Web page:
Could Junior do better? It’s possible. He managed to catch a small fish off screen. (I wouldn’t call it a small fry. It looks too old for that. Just “a little fish” humor.) It’s not enough to fill Sylvester’s belly, but it could probably make decent bait. The sperm whale seems to think so. (Wow. Cartoons sure are terrific! My universe has never had such a large creature in captivity!) Junior laments the fact that his father has become a meal. (He also calls it a fish. Something I was sure science had disproved by the 60’s.)

Sylvester uses the classic escape: a fire. (Why was there a raft in there? What sick sense of humor does this place have? “Don’t worry ma’am. Sure, we tricked your kid into being eaten, but there’s a raft in there. If he’s done any scouting at all, he’ll come out fine. Oh. He’s four?”) Sylvester gets out, but the dolphins have gotten bored with no humans around that they can warn of impending doom. They play catch with him. (WITH him.)

One last tank. Sylvester will go in via diving suit, and Junior will pump air to him. Things don’t get off to a great start, as this tank contains such amazements as an electric eel. (So, we’re back in freshwater?) a… lobster? (Well, it could be a very large crayfish. I’m sure there wouldn’t be any more contradic-) and an octopus. (Darn it, McKimson! Unless the mollusk is suicidal, you messed up.) Things get even worse for the feline, when Junior takes a break from pumping to observe an inchworm. Realizing his mistake, he pumps harder, and all that air makes Sylvester’s suit inflate. He winds up landing in a tank of dogfish. (Junior doesn’t bother trying to save him this time. He’d rather make another smart remark.)

Favorite part: A quote from Junior that all children have said at least once in their life: “I don’t think I’ll ever understand grownups.” I know I still don’t, and I’m 24.

Bugs Bunny’s Howl-oween Special

“Beware! Beware!”

Producer: Hal Geer; Directed by David Detiege, Abe Levitow and Maurice Noble; Story by Cliff Roberts; Music by Harper McKay. A TV special aired on CBS on October 26, 1978.

Halloween is such a fun time of year. You can be as macabre as you want and nobody bats an eye. Having any excuse to eat nothing but chocolate is also a bonus. And unlike other holidays, this one doesn’t have any deeper meaning anymore, and is used solely as a fun excuse. And naturally, there are plenty of cartoon treats on the side.

This special consist of clips from other “spooky” themed Looney Tunes and edited together with some new footage. (Sort of like Frankenstein’s monster.) Even if you aren’t the expert on these shorts, like I am, it’s not hard to tell where edits were made. Voices sounding different and animation not syncing up properly.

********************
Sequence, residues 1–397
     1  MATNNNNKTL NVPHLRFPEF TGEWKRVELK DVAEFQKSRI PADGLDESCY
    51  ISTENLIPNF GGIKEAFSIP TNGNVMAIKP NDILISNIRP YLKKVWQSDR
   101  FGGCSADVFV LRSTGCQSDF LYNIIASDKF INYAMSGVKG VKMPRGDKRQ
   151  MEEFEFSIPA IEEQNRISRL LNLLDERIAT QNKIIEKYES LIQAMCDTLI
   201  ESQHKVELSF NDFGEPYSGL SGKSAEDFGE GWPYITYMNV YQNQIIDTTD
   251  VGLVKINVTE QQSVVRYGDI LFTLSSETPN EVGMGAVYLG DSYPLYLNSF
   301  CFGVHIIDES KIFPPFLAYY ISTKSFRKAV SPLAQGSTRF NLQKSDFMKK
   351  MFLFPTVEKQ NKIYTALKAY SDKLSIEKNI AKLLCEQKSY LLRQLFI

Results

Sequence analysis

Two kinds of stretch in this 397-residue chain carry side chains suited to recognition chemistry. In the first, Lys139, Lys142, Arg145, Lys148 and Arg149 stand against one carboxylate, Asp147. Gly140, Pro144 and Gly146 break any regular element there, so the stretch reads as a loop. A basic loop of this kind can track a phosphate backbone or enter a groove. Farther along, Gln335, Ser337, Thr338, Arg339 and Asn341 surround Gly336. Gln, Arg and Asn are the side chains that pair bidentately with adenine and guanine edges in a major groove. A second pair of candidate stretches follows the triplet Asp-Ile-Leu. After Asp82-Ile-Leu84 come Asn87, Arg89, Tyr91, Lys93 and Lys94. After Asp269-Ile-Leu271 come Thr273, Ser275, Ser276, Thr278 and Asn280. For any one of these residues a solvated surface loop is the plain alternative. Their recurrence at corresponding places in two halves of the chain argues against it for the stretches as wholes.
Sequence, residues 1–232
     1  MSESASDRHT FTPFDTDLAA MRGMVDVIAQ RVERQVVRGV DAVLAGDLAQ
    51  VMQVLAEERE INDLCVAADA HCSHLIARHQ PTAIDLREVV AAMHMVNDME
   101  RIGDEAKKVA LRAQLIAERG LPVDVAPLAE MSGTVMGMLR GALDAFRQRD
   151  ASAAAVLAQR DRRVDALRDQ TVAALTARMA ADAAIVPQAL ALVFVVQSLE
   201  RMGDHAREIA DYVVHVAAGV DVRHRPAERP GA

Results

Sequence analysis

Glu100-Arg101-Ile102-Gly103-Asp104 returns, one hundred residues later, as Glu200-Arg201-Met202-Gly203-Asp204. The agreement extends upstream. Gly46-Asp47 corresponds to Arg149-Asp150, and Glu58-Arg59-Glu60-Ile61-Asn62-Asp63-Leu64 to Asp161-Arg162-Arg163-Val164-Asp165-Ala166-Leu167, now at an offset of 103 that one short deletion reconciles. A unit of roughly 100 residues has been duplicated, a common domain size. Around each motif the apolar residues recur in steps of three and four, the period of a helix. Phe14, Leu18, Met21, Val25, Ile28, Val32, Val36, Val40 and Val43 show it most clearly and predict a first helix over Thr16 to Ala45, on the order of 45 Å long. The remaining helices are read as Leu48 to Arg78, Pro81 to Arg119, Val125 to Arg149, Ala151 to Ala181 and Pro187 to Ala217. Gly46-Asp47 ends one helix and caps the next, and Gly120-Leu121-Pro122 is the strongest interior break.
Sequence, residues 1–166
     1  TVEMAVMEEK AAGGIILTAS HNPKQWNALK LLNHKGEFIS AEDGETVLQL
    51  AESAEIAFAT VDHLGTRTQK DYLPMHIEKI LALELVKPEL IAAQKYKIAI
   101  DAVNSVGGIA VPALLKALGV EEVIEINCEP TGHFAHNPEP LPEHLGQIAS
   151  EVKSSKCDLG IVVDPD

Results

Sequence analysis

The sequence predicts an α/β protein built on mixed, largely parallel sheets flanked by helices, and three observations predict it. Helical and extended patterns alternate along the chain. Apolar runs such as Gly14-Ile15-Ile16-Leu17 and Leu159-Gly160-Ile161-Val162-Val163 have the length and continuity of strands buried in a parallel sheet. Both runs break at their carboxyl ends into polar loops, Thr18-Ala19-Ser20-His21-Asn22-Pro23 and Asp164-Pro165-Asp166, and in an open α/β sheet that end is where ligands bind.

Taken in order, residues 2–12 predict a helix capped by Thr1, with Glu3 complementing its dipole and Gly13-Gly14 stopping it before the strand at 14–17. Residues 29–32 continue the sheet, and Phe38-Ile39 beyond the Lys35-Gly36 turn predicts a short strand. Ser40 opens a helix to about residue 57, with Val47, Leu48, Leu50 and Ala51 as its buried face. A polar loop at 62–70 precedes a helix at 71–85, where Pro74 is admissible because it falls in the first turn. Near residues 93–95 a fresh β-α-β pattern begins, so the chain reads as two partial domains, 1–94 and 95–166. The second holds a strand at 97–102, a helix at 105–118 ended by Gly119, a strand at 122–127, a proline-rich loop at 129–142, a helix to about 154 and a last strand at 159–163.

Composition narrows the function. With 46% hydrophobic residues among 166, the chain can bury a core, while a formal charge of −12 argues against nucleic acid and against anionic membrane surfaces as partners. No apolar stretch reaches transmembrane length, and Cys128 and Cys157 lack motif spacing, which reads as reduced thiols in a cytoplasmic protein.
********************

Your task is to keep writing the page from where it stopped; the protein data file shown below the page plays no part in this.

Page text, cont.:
We start with a bit of “A-haunting we will go.” Right after Daffy’s nephew warns of the real witch, and his uncle drags him out to prove him wrong, we cut to a snippet of “Broom Stick Bunny.” Hazel still invites Bugs in, but doesn’t explain why she is giving him a tea designed to un-uglify someone. Even more confusing, after Bugs reveals himself to be a rabbit, she still wants him to drink, as she sees “that witch” as a threat. (You’ve lost me. Can a rabbit be a witch? And if the two are combined, will that spell the end of all witches?)

Bugs refuses to drink her tea, saying that he only will drink the kind his doctor makes. So, now we jump to a “Hyde and Hare” clip. While Bugs is chased by Hyde, his screams wake up a sleeping Sylvester, and we next jump to an abridged “Hyde and go Tweet.” After that, Bugs has somehow managed to escape Hyde and samples his formula. Now properly scary, he leaves to try and frighten Hazel. She is immune, turns him back to normal, and that makes him fall asleep. Next up: “A witch’s tangled hare.”

After all that, we finally catch up to Daffy arriving at her place, with most of that short being played. It cuts right after Daffy leaves. (Here’s an omission I never noticed before: when Speedy tries to make Daffy drink, the table is gone. But there is still a chunk of Speedy’s clothes missing that is table shaped.)

After all this, Bugs is still not impressed with Hazel’s attempts at being scary. She decides to show him, by frightening the cat that is accompanying Porky who is coming to stay at her house, since she put up a vacancy sign. (She now lives amongst some other buildings? Magic works fast!) So now, we get a mishmash of “Claws for alarm” and “Scaredy Cat” playing. And despite Hazel saying SHE is going to be the one scaring the cat, he runs off when Porky orders him to get out. (Not to mention, was she doing anything? Were all those mice under her control?)

I guess Bugs is convinced, as he offers to team up with her to frighten people, and proposes a toast. Upon drinking she turns into Count Bloodcount and “Transylvania 6-5000” plays. To be fair, they put in some new dialogue here, with Bugs wondering where the witch went, and Hazel speaking instead of the vampire. (But they don’t explain why Bugs is dressed as an umpire suddenly. Unless you’ve seen the original, you’re going to be confused.)